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  5. "No apples are blue."

"No apples are blue."

Translation:Żadne jabłka nie są niebieskie.

March 16, 2016



oh double negatives how I love you so...


am i right. this is here nom. plural:: Żadne jabłka


Polish = double negative hell...


If Żadne means No Why do you need to ad nie Into this statement


Double negative. It is necessary in Polish, otherwise the sentence doesn't make sense.


Actually that sentence in Polish is a double negative in English.


We did have double negatives in English till late 17th--18th C meddling grammarians who thought they were common.


Here's a joke about an English lecturer who is teaching grammar to his students. Lecturer: 'In English, there is no such thing as a double negative, since two negatives always make a positive. Of course, it goes without saying that there's also no case of two positives making a negative.' Disinterested student, rolling their eyes: 'Yeah, right!'

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Surely the given Polish translation actually claims all apples are blue as in "No apples are not blue".


No. Polish uses double negative. "Żadne jabłka są niebieskie" (the word-by-word translation of English "No apples are blue") would not have any grammatical sense.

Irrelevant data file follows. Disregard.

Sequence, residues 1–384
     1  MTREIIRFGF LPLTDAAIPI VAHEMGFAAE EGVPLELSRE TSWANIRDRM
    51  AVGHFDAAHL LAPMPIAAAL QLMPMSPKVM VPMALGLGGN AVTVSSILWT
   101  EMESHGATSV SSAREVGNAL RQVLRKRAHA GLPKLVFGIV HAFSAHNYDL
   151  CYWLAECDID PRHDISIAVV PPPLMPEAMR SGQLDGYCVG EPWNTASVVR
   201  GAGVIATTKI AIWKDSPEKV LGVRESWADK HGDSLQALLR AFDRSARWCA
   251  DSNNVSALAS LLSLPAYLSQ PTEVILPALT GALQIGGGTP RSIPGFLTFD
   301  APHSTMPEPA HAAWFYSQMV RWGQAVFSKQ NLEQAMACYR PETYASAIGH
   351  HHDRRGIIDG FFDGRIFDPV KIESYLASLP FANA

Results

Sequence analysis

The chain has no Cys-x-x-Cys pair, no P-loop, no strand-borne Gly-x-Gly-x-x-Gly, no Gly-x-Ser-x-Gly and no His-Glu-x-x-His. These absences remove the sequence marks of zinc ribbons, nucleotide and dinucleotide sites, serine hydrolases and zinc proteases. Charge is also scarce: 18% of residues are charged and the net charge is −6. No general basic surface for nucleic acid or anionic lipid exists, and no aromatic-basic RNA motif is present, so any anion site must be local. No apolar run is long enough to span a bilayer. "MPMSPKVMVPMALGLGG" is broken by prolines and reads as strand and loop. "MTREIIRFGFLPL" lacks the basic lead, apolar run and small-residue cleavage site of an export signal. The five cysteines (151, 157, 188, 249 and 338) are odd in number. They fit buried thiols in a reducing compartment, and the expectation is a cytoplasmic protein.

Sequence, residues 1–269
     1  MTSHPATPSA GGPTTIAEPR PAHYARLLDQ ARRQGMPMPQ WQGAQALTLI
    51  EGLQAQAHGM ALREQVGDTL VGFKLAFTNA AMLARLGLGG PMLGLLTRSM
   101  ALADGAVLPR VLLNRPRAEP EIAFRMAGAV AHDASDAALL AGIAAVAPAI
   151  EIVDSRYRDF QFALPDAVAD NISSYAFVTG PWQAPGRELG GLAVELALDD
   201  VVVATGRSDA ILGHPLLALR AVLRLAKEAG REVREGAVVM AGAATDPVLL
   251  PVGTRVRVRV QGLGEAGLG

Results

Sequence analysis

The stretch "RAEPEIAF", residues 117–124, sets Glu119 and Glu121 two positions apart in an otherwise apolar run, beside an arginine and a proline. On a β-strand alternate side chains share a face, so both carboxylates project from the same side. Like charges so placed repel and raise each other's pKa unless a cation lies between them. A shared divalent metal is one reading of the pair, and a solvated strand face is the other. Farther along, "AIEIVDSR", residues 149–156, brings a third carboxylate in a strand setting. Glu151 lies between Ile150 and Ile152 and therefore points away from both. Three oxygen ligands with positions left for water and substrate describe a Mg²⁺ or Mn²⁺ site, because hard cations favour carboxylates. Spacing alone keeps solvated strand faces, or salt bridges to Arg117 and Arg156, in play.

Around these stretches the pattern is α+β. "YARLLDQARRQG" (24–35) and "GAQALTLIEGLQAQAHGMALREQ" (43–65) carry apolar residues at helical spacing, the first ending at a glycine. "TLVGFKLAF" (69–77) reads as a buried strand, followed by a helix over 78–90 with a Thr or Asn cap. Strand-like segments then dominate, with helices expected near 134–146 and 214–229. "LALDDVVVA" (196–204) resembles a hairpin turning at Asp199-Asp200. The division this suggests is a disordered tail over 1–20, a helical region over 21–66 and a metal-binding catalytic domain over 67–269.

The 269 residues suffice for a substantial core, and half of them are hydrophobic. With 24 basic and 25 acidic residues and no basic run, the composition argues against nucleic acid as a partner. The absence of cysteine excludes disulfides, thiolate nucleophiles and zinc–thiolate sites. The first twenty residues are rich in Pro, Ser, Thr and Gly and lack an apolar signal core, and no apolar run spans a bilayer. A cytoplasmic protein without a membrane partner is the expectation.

As does the Polish translation having no logical meaning to English speakers I guess. But I am here to learn Polish so have it your way.


I suppose 'nie ma niebieskich jabłek' would be altering the sentence? (I was thinking of the song about 'no blue roses')


That's close in meaning, but quite a different sentence after all (There are no blue apples). Especially that this sentence is supposed to teach "żadne".


I think this is not very clear. I checked the word "żadne" and it was suggested as "no", so I didn't write "nie" in the sentence. How can somebody guess there is the double negation?

Well I'll try to keep this in my mind anyway


Actually you can remember now that double negation is a must in Polish. Apart from just saying "Nie!", singular negation isn't really possible. For example "Żadne jabłka są niebieskie" makes no sense.


I wrote Nie ma żadnych niebeskich jabłek. Why it's not correct?


I think using the 'Nie ma' construction is not as general. A shopkeeper could say 'Nie ma żadnych niebieskich jabłek' because there are no blue apples in the shop (maybe because they've run out of them), whereas the suggested answer states that they don't exist at all.


I've taken the liberty of undeleting your comment, because it was in fact a perfect response.


Thank you, I got confused by the other possible translation of 'Nie ma' as '(something) does not have'! To mean 'there are no', is context about the location needed...? Is there an implied 'tam/tutaj'?


I'd say yes. For example if I came back from the store, I'd say "Nie było masła" (There was no butter) and it's clear what I meant. If I open the fridge and say "Nie ma masła" then it's also obvious.

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